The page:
Ocean acidification is sometimes called “climate change’s equally evil twin,” and for good reason: it's a significant and harmful consequence of excess carbon dioxide in the atmosphere that we don't see or feel because its effects are happening underwater. At least one-quarter of the carbon dioxide released by burning coal, oil and gas doesn't stay in the air, but instead dissolves into the ocean. At present, our oceans absorb 22 million tons of carbon dioxide every day.
But this additional absorption of carbon dioxide into the oceans comes at the cost of changing the ocean’s chemistry. When carbon dioxide dissolves in seawater, the water becomes more acidic and the ocean’s pH drops. Even though the ocean is immense, enough carbon dioxide can have a major impact. In the past 200 years alone, ocean water has become 30 percent more acidic—faster than any known change in ocean chemistry in the last 50 million years.
The acidity of the ocean may hardly affect us, but it causes irrevocable damage to the marine ecosystems.
1. Coral Reefs:Reef-building corals craft their own homes from calcium carbonate, forming complex reefs that house the coral animals themselves and provide habitat for many other organisms. Acidification may limit coral growth by corroding pre-existing coral skeletons while simultaneously slowing the growth of new ones, and the weaker reefs that result will be more vulnerable to erosion.
Acidification may also impact corals before they even begin constructing their homes. Coral larvae in acidic water had more trouble finding a good place to settle, preventing them from reaching adulthood.
2. Oysters, Mussels, Urchins, and Starfish: Generally, shelled animals—including mussels, clams, urchins and starfish—are going to have trouble building their shells in more acidic water, just like the corals. This means a weaker shell for these organisms, increasing the chance of being crushed or eaten.
Of course, the loss of these organisms would have much larger effects in the food chain, as they are food and habitat for many other animals.
3. Zooplankton: They may be small, but they are big players in the food webs of the ocean, as almost all larger life eats zooplankton or other animals that eat zooplankton. They are also critical to the carbon cycle. When shelled zooplankton die and sink to the seafloor, they carry their calcium carbonate shells with them, which are deposited as rock or sediment and stored for the foreseeable future. This is an important way that carbon dioxide is removed from the atmosphere, slowing the rise in temperature caused by the greenhouse effect.
But these organisms do not handle higher acidity very well, as their shells dissolve rapidly. One study even predicts that they will be extinct by the end of the century.
4. Fish: While fish don't have shells, they will still feel the effects of acidification. Because the surrounding water has a lower pH, a fish's cells often come into balance with the seawater by taking in carbonic acid. This changes the pH of the fish's blood, a condition called acidosis.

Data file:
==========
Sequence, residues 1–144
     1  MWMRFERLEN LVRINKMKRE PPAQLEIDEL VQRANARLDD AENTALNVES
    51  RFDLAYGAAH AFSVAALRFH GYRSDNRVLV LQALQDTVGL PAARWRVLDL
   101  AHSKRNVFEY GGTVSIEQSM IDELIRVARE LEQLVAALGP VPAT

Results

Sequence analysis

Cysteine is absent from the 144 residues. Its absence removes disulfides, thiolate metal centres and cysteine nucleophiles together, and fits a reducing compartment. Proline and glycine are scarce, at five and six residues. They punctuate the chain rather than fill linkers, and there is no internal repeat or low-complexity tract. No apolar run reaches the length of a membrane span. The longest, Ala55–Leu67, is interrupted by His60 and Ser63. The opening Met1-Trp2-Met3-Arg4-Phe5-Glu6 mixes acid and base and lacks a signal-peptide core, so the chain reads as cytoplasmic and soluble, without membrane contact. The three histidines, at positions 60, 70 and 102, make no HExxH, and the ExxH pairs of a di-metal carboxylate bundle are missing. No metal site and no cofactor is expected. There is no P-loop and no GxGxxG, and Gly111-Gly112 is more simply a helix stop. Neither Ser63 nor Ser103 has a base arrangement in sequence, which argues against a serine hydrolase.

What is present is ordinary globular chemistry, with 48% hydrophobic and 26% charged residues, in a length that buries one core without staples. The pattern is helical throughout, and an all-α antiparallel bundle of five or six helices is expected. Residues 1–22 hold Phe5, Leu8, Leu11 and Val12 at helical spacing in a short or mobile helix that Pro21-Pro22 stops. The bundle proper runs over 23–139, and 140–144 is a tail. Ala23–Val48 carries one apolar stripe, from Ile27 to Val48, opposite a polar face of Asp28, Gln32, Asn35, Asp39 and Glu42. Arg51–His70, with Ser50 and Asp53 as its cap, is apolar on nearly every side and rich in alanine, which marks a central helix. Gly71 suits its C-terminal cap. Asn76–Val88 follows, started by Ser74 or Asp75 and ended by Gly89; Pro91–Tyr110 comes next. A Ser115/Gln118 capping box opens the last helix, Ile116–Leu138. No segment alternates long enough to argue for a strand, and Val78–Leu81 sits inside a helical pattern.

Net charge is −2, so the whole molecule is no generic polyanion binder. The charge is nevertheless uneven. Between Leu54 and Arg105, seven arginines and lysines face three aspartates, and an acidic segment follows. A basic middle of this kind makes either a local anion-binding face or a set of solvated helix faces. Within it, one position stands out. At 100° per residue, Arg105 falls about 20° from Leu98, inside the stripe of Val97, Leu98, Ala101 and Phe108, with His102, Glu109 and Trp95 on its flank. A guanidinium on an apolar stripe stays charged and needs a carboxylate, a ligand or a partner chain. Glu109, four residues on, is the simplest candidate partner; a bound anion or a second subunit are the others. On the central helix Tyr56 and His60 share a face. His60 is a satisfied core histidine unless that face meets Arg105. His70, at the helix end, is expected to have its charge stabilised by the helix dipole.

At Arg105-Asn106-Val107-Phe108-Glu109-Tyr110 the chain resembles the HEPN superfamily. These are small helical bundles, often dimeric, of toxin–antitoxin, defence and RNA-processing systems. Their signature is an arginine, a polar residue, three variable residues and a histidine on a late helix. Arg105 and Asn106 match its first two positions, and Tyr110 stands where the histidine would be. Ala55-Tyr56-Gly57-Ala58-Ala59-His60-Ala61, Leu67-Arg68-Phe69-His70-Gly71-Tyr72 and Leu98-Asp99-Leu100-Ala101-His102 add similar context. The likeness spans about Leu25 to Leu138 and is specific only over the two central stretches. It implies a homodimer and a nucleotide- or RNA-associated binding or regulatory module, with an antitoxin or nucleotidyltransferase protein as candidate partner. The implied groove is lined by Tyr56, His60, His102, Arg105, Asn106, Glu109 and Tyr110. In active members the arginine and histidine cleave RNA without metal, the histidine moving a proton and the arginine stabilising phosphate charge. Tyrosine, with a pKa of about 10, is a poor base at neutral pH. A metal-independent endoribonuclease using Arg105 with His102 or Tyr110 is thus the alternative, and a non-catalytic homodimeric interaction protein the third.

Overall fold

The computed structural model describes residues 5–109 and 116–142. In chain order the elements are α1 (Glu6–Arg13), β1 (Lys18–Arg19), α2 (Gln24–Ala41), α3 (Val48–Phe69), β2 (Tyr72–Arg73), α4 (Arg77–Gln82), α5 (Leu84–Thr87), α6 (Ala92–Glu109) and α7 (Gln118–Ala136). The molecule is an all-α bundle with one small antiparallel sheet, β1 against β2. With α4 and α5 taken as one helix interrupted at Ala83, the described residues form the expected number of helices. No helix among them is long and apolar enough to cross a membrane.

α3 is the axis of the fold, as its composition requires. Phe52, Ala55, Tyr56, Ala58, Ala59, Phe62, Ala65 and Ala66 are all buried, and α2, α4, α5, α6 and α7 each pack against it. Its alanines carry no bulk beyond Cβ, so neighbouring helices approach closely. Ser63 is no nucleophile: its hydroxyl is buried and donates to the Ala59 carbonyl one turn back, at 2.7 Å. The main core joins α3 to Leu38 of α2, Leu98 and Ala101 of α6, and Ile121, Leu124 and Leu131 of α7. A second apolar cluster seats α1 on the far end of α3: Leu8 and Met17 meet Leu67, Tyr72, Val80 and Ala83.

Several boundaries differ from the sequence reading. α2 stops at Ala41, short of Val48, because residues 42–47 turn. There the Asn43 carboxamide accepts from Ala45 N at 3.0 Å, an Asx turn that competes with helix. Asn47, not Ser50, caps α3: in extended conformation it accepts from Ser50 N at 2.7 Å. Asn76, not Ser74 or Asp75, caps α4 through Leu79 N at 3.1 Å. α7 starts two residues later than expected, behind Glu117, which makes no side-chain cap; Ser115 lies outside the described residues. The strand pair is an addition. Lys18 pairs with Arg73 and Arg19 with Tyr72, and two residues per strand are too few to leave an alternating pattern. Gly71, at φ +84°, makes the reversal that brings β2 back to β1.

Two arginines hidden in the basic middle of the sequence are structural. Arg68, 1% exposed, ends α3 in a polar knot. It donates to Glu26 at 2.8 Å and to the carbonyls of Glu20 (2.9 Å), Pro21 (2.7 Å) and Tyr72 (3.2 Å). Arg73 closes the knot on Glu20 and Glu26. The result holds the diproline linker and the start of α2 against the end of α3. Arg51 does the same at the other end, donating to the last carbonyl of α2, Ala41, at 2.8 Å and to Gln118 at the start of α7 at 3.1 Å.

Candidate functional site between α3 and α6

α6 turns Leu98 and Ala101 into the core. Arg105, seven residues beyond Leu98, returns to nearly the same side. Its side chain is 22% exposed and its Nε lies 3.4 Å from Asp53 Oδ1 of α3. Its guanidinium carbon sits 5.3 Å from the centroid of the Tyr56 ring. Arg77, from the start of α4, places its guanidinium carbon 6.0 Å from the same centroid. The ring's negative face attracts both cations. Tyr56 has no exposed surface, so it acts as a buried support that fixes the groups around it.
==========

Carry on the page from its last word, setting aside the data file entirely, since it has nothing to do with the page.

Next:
The fish has to put its body into overdrive to bring its chemistry back to normal. To do so, it will burn extra energy to excrete the excess acid out of its blood through its gills, kidneys and intestines. It might not seem like this would use a lot of energy, but even a slight increase reduces the energy a fish has to take care of other tasks, such as digesting food, swimming rapidly to escape predators or catch food, and reproducing. It can also slow fish growth.
The ability to adapt to higher acidity will vary from fish species to fish species, and what qualities will help or hurt a given fish species is unknown. A shift in dominant fish species could have major impacts on the food web and on human fisheries.
Although Ocean Acidification is an increasingly recognised problem nowadays, no strict laws exist for its prevention. Ocean Acidification is an indirect consequence of increasing Carbon emissions. Some organisations like the EPA and NDRC are making positive efforts towards controlling this acidification. However, no governmental laws have been strictly implemented for the same. The Indian government has also recognised the grave dangers that this problem poses to marine life. Experiments have been conducted in the Bay of Bengal and the Arabian Sea to track the acidification of the ocean. The results raise an alarm over the catastrophe that is yet to befall us.
Although ocean acidification may not affect us directly, it is our duty as global citizens, to ensure the health and well-being of our planet and all its stakeholders. Here’s what you can do:
1. The most realistic way would be to reduce our carbon emissions by burning fewer fossil fuels and finding more carbon sinks, such as regrowing mangroves, seagrass beds, and marshes, known as blue carbon. If we did, over hundreds of thousands of years, carbon dioxide in the atmosphere and ocean would stabilize again.
2. Geoengineering can also help us artificially cut the amount of carbon dioxide being released into the atmosphere. But it would take years of scientific engineering to devise such methods.
3. Try to reduce your energy use at home by recycling, turning off unused lights, walking or biking short distances instead of driving, using public transportation, and supporting clean energy, such as solar, wind, and geothermal power. Even the simple act of checking your tyre pressure can lower gas consumption and reduce your carbon footprint.
Perhaps the best way in which we can contribute is by making our acquaintances aware about the problem. Scientists themselves realised the existence of the problem fairly recently, so it figures that most people would not be aware about it. We must remember that we have not inherited this Earth from our ancestors; we have borrowed it from our children. Thus, we must leave it in the best shape possible.